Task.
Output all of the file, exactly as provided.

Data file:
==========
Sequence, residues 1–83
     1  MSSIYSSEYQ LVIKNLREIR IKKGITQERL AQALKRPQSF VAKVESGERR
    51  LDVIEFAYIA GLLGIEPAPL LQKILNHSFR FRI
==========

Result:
Sequence, residues 1–83
     1  MSSIYSSEYQ LVIKNLREIR IKKGITQERL AQALKRPQSF VAKVESGERR
    51  LDVIEFAYIA GLLGIEPAPL LQKILNHSFR FRI